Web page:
Thursday, November 12, 2020

Review: Homo Deus: A History of Tomorrow

Homo Deus: A History of Tomorrow Homo Deus: A History of Tomorrow by Yuval Noah Harari
My rating: 4 of 5 stars

Homo Deus is an insightful, irreverent, and thought provoking book that explores what motivates and connects humanity. Hararri discusses the evolution organizing ideas, including Theism, Humanism, and what he calls Dataism (for example, the idea of the “Quantified self” ) and how they reflect our ways of interaction.  

Hararri draws some interesting parallels between religion, science and economic systems, in particular in terms of how they each have their own organizing principles and stories. In particular, I found the discussion of morality through various lenses particularly insightful; it got me thinking about how we can balance a principle of a right to a “pursuit of happiness” while also having a shared moral code. The general answer could be by measuring whether it impacts another life, but that question too depends on the code you believe in.

The idea that our ability to create and share stories  helped humans for large networks,and thus become dominant, is central to the book. Stories and myth are powerful in creating unified organizing principles, and this power can be used for good and bad ends. An intersting insight, which resonates with current political discourse, is that myths can be more powerful than facts. Good facts are not always enough to gather people around a cause: sometime you need a good story to comment people even with fact. 

Whether you are inclined to agree or not with Hararri’s ideas or approach, Homo Deus is a book that will challenge you to think about what drives you in your personal life and in interactions with the larger society. And that sort of thinking and the understanding it leads to can make for a stronger self and society.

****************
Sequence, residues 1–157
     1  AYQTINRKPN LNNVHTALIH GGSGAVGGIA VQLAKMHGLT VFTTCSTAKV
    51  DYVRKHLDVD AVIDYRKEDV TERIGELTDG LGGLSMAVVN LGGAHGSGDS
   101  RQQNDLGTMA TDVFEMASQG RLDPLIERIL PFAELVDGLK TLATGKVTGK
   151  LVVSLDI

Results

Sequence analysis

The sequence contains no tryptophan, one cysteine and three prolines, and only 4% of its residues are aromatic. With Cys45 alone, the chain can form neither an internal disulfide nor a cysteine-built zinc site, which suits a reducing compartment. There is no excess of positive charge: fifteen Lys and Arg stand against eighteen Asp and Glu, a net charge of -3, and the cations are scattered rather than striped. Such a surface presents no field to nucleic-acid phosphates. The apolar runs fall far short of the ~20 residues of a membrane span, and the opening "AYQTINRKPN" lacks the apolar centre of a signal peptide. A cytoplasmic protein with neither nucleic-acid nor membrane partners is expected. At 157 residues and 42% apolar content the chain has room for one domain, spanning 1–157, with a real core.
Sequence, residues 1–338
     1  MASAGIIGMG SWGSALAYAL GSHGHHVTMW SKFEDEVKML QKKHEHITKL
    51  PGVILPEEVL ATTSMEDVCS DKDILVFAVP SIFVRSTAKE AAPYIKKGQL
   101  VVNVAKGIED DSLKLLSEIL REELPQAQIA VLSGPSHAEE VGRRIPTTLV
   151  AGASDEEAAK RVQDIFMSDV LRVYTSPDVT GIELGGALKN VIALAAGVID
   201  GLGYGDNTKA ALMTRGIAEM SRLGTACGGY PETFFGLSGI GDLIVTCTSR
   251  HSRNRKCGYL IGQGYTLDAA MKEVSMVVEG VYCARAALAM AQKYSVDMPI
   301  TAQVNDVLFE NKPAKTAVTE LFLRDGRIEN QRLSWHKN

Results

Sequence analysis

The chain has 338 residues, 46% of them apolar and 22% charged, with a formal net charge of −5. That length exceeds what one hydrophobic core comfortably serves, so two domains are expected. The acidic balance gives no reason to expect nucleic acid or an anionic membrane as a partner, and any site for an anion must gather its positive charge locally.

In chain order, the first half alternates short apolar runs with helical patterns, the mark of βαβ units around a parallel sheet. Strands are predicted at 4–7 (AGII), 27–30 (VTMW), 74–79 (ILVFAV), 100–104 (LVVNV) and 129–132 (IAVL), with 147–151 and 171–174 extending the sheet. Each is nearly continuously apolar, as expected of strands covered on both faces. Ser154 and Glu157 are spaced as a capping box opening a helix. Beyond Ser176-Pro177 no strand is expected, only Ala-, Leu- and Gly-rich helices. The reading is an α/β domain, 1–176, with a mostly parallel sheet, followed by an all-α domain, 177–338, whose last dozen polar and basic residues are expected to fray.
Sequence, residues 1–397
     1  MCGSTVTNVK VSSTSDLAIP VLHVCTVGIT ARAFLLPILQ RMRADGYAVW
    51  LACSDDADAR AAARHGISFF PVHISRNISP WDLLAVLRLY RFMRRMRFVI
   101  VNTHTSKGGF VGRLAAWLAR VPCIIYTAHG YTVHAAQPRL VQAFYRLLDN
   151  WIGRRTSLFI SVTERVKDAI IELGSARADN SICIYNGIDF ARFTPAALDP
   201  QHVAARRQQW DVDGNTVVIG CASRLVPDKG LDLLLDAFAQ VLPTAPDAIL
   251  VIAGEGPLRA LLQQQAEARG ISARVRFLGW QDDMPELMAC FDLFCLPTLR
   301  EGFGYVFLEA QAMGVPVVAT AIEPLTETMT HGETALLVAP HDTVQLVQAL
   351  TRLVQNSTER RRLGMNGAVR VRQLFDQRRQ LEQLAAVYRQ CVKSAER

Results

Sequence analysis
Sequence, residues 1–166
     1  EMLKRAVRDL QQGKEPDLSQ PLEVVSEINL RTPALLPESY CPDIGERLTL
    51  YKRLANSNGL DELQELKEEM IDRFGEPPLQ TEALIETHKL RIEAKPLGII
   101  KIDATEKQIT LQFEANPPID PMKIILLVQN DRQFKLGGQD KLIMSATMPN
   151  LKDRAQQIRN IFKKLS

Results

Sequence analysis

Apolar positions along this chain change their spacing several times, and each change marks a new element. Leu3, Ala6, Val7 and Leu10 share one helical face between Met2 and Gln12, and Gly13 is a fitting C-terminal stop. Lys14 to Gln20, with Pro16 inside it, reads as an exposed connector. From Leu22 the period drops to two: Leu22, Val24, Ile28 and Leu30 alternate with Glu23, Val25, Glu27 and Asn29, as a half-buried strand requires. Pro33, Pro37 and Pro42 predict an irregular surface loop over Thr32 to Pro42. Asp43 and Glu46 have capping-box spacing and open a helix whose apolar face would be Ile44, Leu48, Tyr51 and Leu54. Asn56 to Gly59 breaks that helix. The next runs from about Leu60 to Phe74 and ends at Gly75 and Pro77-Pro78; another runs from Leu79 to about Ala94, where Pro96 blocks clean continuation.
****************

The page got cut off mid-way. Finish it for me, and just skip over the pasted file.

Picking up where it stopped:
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Wednesday, October 21, 2020

Review: You're About to Make a Terrible Mistake: How Biases Distort Decision-Making and What You Can Do to Fight Them

You're About to Make a Terrible Mistake: How Biases Distort Decision-Making and What You Can Do to Fight Them You're About to Make a Terrible Mistake: How Biases Distort Decision-Making and What You Can Do to Fight Them by Olivier Sibony
My rating: 5 of 5 stars

You’re About to Make a Terrible Mistake is a book about why organizations make bad decisions, and how to create processes and environments where we can make better ones, understanding the value of process and collaboration over any specific individual’s leadership.

Much of the advice here will seem familiar if you have studied ideas about how we make decisions but the context of strategic decision making is new.  The audience and examples are geared towards strategic business decisions, but this will give you insight into how you and others make decisions that might not be optimal in all aspects of your life.

The advice is obvious and common sense in retrospect, but obvious and common sense doesn’t always mean visible and common. I’ve come across few groups that follow even the general principles here, much less the entire framework.